A hashtag has a variety of uses, but its primary purpose on Twitter and Google+ is to make the term searchable. What I mean by that is the hashtag creates a link that will take you to the search results of everybody else who has used that hashtag.


There are a number of ways you can utilize hashtags, and the tactics are different for each use. Here are a few of the most popular uses for hashtags:


Twitter and Google have a lot in common in that both require you to optimize your content to appear in their search results. Hashtags are simply Twitter’s SEO tactic of choice.

Use keyword hashtags to describe the content you are tweeting. Using popular keywords in your industry will yield the most followers.

For example, if you are crafting a tweet about Michael Phelps and the Olympics, you might consider using the hashtags #Olympics, #London2012, #Swimming and #TeamUSA.

City and state names can be excellent hashtag keywords to use when the tweet is specific to a geographic location. It’s not uncommon to see local media outlets use them when tweeting about news.


  • Use trending hashtags (found in the left column) when possible. Just be careful to do your research before tweeting. You’d hate to end up with a PR crisis on your hand, much like Celeb Boutique and Kenneth Cole did when using trending hashtags without doing their proper research.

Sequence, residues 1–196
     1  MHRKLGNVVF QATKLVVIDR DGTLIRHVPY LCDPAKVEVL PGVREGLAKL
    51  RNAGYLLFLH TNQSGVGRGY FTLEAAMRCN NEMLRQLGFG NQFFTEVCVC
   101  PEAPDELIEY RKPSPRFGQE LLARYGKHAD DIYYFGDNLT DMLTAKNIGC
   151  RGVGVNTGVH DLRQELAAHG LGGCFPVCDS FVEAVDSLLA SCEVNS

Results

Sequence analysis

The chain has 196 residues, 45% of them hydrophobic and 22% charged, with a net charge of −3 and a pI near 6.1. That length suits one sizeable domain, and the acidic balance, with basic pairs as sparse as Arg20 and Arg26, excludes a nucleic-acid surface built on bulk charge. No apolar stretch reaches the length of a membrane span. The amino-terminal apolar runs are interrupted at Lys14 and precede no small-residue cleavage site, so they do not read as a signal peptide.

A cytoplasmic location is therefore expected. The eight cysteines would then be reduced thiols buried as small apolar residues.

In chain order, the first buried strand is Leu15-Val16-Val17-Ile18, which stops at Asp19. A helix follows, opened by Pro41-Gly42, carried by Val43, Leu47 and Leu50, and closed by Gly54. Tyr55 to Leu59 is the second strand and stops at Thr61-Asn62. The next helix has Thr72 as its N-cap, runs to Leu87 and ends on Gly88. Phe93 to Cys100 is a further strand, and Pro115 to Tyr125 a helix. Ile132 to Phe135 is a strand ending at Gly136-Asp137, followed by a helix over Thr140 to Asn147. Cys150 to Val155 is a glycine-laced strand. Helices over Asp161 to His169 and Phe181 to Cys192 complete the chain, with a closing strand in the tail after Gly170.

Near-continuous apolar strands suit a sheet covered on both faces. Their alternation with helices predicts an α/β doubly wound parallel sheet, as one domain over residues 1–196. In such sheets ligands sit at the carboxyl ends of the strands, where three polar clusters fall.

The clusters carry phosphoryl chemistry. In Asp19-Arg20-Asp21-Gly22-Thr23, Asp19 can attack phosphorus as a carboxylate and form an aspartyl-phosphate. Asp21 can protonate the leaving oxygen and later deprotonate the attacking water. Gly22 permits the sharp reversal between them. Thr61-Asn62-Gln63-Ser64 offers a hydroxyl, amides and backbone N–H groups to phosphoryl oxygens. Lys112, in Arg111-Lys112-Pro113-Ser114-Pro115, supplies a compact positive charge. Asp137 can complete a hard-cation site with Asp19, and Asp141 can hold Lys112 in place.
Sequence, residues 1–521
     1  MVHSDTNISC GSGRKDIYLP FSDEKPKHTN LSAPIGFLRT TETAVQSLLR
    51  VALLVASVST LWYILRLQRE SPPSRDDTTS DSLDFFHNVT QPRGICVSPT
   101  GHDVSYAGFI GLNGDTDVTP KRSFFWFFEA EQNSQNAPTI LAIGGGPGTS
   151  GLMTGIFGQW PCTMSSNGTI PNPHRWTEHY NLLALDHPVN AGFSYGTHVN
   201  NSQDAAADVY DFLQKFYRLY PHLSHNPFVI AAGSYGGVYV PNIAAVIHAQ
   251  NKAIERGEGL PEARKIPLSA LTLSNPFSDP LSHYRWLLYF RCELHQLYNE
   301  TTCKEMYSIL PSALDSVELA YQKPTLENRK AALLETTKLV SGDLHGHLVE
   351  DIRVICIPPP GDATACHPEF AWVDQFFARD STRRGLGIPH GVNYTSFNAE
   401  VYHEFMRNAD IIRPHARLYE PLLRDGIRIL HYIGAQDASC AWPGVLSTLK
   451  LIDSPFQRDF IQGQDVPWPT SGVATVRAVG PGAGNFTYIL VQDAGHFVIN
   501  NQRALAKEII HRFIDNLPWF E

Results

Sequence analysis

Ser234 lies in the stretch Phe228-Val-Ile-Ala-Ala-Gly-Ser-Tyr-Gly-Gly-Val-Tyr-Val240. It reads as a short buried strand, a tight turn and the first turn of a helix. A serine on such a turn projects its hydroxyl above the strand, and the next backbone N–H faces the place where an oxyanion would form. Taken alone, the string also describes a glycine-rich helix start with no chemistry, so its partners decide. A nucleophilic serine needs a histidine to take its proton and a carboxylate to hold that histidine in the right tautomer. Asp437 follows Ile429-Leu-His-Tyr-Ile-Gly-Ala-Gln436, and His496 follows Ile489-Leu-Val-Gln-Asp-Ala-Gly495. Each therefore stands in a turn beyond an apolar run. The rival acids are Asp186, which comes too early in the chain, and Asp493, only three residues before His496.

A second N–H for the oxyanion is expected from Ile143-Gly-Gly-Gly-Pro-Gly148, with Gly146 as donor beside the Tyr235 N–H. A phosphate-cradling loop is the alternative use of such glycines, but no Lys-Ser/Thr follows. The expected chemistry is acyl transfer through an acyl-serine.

• If you’re curious as to whether or not a hashtag is popular or not, searching for it within Twitter is a great way to find out. This is also a great way to find people to follow in your industry.
  • Don’t go hashtag crazy. Too many hashtags look spammy. Keep your tweet to around 3-4 relevant hashtags.
  • Include keyword hashtags in your Twitter bio for maximum search visibility.


  • If you’re not sure which hashtags are popular in your industry, use Mentionmapp. This app will tell you which hashtags are used the most by the users you mention. You can then click on other users to see which hashtags their network is using and so on.
  • Trendsmap is a great tool for viewing all trending hashtags at a glance via location.


Hashtags are great for sparking and facilitating conversation. Whether you want to see what people are saying about an event you’re hosting or chat with like-minded people, hashtags are a great avenue for doing so.